Research Programmes

  • Home
  • /
  • Research Programmes

1. Environmental monitoring for perchlorate (rocket fuel) contamination

Perchlorate (ClO4-) is an emerging environmental contaminant, known to interfere with the functioning of human thyroid gland leading to hypothyroidism. Infants and pregnant women are the most vulnerable group to this chemical. Perchlorate is mainly used (as ammonium salt) in rockets, missiles, explosives, match box industries etc.

As per US EPA guideline, perchlorate concentration at 15 ppb (ug/L) in drinking water is NOT expected to cause any adverse health effects. The ongoing research at Environmental technology lab in NIIST mainly focuses on (1) assessing the level of perchlorate in drinking water in Kerala and other states and (2) to find relations (if any) on increased incidence of hypothyroidism where high environmental contamination of perchlorate was observed.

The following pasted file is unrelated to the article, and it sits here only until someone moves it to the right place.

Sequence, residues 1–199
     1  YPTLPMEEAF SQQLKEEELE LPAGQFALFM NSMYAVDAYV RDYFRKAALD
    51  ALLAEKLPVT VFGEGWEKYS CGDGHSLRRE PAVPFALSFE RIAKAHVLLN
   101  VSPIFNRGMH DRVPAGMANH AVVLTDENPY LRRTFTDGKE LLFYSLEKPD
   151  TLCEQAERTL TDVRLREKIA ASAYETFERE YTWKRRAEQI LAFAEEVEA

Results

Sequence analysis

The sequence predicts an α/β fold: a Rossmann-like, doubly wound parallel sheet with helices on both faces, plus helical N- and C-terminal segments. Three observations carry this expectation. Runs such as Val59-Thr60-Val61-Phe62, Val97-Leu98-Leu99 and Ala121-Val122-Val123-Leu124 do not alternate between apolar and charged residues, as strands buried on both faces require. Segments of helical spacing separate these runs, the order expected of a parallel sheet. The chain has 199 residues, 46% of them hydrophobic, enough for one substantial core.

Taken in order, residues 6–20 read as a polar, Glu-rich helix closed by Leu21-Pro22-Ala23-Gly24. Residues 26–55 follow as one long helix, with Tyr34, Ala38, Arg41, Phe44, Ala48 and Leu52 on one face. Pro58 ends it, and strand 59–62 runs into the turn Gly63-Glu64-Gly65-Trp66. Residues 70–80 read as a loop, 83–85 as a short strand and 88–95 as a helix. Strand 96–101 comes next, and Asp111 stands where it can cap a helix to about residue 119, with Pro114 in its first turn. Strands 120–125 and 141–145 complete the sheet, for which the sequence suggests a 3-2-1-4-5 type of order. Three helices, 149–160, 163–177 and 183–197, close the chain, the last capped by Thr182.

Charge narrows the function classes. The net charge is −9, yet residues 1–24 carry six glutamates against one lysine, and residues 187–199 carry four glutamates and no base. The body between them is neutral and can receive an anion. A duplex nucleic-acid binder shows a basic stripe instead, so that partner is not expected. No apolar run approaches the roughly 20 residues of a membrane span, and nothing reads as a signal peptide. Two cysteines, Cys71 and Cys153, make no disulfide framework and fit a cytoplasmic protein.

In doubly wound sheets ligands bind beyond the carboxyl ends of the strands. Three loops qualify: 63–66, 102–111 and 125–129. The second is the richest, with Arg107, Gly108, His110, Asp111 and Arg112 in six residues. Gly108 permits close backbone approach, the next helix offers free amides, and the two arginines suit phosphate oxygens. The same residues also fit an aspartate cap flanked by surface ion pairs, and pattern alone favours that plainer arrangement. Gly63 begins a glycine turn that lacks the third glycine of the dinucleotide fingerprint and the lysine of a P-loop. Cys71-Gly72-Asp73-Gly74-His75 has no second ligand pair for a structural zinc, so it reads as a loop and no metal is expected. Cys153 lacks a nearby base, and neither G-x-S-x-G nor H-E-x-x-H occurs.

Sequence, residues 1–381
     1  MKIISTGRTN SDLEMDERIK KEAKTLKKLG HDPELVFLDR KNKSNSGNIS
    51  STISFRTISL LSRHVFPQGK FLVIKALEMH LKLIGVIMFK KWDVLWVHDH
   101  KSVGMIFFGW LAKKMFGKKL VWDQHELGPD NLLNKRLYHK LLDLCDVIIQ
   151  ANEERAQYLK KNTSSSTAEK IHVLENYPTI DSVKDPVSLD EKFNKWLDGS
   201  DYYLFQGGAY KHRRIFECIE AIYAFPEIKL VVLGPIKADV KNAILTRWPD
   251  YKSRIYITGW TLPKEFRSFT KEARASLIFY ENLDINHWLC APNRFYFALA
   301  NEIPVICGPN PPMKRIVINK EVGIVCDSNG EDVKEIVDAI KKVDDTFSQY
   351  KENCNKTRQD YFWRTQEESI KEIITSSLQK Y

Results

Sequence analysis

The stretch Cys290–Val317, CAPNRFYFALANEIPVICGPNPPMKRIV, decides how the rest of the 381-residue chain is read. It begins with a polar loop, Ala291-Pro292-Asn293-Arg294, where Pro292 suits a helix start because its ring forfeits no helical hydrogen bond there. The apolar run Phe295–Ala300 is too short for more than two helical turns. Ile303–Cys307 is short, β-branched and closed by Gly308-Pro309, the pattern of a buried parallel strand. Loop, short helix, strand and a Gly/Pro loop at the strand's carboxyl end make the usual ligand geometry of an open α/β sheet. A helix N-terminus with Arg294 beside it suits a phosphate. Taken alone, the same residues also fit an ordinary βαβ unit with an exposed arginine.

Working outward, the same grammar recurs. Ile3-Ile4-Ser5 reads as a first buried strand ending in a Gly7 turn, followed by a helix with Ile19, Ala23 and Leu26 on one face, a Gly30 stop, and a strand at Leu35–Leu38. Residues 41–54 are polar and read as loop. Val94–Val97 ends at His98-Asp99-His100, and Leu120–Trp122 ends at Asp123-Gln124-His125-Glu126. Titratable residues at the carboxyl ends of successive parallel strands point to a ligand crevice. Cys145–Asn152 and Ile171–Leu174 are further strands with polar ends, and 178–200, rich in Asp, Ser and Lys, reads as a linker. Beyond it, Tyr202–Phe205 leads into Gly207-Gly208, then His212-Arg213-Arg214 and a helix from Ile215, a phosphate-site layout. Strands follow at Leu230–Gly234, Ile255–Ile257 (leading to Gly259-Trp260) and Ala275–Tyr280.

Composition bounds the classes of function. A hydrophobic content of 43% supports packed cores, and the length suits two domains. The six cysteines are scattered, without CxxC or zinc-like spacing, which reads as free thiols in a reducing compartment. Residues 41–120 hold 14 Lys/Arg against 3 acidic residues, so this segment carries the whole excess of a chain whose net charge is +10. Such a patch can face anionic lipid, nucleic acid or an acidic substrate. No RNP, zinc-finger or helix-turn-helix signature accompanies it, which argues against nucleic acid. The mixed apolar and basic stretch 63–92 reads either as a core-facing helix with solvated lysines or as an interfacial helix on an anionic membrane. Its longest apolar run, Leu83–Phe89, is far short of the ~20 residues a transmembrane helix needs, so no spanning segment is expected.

Major Findings/achievement:

Perchlorate concentration several thousand magnitudes higher than International guidelines were found in ground water samples from few locations in Kerala. Severe contamination (>40,000 ppb) was found in ground water samples around the ammonium perchlorate manufacturing unit in Keezhmad in Aluwa (Ernakulam district, Kerala). We have screened around 200 wells in the area and spatio-temporal distribution of perchlorate was monitored. The important information was shared to the State health dept.


Figure; Ground water perchlorate profile during 2014-15 at Keezhmad in Ernakulam dist.

Subsequent study by the State health Dept. revealed nearly 80 people including children were hypothyroid (high TSH levels) in the contaminated area. We provided technical support to the State health department and local self-government to tackle the situation. Based on our suggestion alternate drinking water was provided to the affected area. Nearly 90% people recovered from hypothyroid condition to normal in three-month period.

Our intervention helped the recovery of many people from a serious health problem and presented large number of people getting affected.

2. Microbial bioprocess for perchlorate decontamination